Appellate Decision: New Faith v. Pizziferri

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A breach of contract action in which McKenzie & Associates, P.C. represents the Plaintiff, New Faith Missionary Baptist Church. The church contracted with the Defendant, Joseph Pizziferri, to purchase land owned by him. At the time the parties entered into a purchase and sale contract, the Defendant informed the Plaintiff that the church would be purchasing the building on the land and the land to the right of and behind the building. Upon seeking to refinance the mortgage on the property purchased from the Defendant, the church was informed by the lender that it only purchased the land with the building on it and nothing more. The church commenced a lawsuit against the Defendant concerning his fraudulent actions and misrepresentations. The matter was eventually presented to the Court of Appeals which entered a decision in favor of the Plaintiff on February 23, 2012, stating that the Defendant’s “fraudulent misrepresentation was obvious.” This decision from the Appellate Court is critical to the church’s case because it reversed the prior decision of the Suffolk Superior Court which found in favor of the Defendant and dismissed the church’s case.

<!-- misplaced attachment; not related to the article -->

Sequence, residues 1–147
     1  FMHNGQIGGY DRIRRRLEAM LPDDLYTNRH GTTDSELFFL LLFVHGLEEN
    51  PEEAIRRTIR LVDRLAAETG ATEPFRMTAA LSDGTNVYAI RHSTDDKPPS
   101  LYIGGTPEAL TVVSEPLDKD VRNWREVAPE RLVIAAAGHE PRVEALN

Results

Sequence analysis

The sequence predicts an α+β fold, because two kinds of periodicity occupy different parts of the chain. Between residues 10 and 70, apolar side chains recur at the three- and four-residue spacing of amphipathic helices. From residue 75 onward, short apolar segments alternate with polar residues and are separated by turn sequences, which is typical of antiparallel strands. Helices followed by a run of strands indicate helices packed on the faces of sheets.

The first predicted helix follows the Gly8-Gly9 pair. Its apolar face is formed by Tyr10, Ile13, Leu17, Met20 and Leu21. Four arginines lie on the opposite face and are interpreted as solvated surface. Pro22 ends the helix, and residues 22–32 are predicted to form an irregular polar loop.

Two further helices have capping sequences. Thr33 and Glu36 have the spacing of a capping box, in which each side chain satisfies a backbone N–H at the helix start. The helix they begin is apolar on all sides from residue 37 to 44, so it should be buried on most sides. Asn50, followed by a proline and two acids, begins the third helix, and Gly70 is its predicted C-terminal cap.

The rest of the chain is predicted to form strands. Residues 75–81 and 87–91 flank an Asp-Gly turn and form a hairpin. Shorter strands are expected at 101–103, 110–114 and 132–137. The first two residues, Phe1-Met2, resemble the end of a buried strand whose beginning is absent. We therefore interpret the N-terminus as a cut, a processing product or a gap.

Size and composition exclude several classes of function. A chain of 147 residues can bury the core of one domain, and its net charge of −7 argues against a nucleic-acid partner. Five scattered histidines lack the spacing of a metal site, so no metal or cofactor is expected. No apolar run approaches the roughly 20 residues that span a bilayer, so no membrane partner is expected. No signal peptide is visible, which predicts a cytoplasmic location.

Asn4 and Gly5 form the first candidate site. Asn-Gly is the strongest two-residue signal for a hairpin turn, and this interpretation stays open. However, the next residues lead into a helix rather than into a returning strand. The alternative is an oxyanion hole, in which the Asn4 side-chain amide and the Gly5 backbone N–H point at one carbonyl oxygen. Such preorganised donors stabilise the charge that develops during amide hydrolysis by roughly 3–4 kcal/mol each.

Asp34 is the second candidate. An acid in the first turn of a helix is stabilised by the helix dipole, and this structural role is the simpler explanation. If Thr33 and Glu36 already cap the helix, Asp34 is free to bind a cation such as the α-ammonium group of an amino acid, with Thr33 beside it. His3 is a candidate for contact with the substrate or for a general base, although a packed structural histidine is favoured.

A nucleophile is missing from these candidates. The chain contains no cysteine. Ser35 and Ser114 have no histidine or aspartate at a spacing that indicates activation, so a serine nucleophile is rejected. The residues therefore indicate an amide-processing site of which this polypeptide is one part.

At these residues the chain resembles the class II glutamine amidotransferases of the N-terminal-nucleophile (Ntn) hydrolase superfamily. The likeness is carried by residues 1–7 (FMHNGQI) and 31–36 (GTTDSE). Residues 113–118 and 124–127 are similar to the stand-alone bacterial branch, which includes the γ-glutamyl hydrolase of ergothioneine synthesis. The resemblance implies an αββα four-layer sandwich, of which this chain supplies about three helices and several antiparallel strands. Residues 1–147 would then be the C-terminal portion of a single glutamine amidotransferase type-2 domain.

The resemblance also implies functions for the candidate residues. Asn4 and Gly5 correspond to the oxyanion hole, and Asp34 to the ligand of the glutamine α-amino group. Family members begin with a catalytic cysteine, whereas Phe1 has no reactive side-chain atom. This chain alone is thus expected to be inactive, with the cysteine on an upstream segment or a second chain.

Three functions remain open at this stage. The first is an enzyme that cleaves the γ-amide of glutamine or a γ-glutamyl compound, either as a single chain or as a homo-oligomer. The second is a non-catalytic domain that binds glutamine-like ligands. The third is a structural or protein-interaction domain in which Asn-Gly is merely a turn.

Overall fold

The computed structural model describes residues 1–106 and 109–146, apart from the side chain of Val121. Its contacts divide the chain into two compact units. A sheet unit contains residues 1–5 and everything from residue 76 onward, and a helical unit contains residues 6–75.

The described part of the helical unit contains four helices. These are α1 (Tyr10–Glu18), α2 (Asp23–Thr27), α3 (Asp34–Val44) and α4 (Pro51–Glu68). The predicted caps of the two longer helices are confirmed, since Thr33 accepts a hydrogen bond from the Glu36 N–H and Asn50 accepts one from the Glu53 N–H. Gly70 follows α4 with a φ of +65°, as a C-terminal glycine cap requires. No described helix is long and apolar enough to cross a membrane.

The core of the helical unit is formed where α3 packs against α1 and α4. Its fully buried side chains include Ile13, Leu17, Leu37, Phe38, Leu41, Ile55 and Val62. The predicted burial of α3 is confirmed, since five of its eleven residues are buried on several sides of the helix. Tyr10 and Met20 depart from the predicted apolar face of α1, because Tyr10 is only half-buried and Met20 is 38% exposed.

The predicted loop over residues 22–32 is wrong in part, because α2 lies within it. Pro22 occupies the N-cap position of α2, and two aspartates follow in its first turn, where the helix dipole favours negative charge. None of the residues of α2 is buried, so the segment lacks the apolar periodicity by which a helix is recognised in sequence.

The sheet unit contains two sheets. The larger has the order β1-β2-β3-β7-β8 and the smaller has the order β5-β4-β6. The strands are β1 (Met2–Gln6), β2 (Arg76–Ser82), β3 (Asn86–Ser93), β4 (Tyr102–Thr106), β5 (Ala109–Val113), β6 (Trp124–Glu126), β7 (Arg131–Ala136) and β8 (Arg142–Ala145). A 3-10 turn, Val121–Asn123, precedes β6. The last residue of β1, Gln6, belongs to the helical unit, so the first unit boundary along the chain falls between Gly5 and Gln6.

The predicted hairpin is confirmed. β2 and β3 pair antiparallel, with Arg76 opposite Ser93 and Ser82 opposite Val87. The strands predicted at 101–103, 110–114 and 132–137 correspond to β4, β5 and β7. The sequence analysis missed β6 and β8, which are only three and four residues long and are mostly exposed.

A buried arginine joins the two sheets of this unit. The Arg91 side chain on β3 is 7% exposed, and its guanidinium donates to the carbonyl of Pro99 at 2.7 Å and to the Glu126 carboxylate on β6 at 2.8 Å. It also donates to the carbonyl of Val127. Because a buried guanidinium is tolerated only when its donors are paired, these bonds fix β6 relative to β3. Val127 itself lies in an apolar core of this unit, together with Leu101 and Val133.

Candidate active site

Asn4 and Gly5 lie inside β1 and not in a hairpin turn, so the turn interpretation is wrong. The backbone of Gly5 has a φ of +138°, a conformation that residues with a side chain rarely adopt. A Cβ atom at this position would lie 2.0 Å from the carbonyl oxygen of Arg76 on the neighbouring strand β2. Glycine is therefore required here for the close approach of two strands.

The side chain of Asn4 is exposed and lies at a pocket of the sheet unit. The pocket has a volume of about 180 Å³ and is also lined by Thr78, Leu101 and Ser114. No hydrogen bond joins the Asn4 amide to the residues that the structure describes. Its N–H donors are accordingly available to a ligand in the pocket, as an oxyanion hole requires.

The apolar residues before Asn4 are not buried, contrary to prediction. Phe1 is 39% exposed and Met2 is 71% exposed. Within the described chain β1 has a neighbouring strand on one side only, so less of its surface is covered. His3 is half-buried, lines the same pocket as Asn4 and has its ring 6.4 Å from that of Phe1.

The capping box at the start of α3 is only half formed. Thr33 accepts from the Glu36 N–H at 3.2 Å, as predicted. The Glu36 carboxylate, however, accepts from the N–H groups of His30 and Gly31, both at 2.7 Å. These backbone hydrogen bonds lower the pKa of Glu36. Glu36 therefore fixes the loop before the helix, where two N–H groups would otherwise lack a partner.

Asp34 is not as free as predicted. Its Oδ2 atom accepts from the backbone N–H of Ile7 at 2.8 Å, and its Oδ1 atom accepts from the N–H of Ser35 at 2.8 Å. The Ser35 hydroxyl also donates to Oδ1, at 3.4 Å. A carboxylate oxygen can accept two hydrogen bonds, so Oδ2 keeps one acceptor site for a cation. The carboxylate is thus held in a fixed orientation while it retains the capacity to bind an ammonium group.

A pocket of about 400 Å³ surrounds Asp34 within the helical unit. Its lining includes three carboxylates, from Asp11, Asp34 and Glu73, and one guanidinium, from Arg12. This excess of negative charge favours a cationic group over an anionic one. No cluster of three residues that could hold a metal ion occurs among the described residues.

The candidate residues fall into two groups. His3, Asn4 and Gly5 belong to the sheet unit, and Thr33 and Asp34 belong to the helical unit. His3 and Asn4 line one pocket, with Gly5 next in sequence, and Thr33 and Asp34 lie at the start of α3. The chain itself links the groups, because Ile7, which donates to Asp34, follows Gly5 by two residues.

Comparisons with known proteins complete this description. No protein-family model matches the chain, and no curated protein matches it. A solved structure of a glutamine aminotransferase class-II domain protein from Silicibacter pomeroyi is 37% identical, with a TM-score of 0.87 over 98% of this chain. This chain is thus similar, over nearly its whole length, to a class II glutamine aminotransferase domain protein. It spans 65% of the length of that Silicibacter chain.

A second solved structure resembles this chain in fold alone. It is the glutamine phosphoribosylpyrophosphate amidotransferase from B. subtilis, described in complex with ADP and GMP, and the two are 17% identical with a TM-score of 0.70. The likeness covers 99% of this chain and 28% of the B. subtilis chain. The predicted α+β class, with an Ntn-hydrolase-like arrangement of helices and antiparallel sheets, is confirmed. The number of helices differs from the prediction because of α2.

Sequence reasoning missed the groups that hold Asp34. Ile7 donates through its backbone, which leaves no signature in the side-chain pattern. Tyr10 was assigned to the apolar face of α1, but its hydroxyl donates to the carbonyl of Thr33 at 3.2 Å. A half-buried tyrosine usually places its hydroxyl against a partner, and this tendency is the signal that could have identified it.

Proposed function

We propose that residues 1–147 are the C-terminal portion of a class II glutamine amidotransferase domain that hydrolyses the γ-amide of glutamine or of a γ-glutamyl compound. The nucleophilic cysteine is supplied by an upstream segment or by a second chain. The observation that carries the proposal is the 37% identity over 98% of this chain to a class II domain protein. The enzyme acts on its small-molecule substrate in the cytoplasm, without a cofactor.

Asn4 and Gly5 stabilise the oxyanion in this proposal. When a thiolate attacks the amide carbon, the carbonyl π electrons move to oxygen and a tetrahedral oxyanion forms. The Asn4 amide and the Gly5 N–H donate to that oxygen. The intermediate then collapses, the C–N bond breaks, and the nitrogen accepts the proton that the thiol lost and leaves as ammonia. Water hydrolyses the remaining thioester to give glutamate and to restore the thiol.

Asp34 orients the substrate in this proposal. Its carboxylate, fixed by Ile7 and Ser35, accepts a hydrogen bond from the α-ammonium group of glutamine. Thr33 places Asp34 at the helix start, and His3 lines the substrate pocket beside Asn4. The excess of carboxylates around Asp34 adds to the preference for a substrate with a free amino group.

Superior Court Ruling: Spoliation of Evidence

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McKenzie & Associates was retained by a housing management company in its lawsuit against a construction law firm for negligently representing the management company and engaging in fraudulent billing practices. The construction law firm asserted counterclaims against the management company, seeking over $200,000 in alleged unpaid legal fees. McKenzie & Associates successfully established that the defendant law firm and its principal spoliated evidence when it failed to retain the electronic information associated with its client billing system. Spoliation of evidence is the negligent destruction, withholding, or altering of evidence. The Suffolk Superior Court entered a default judgment in favor of the management company and dismissed the defendant’s counterclaim for unpaid legal bills.

G.L.c. 190B: Massachusetts Adopts Uniform Probate Code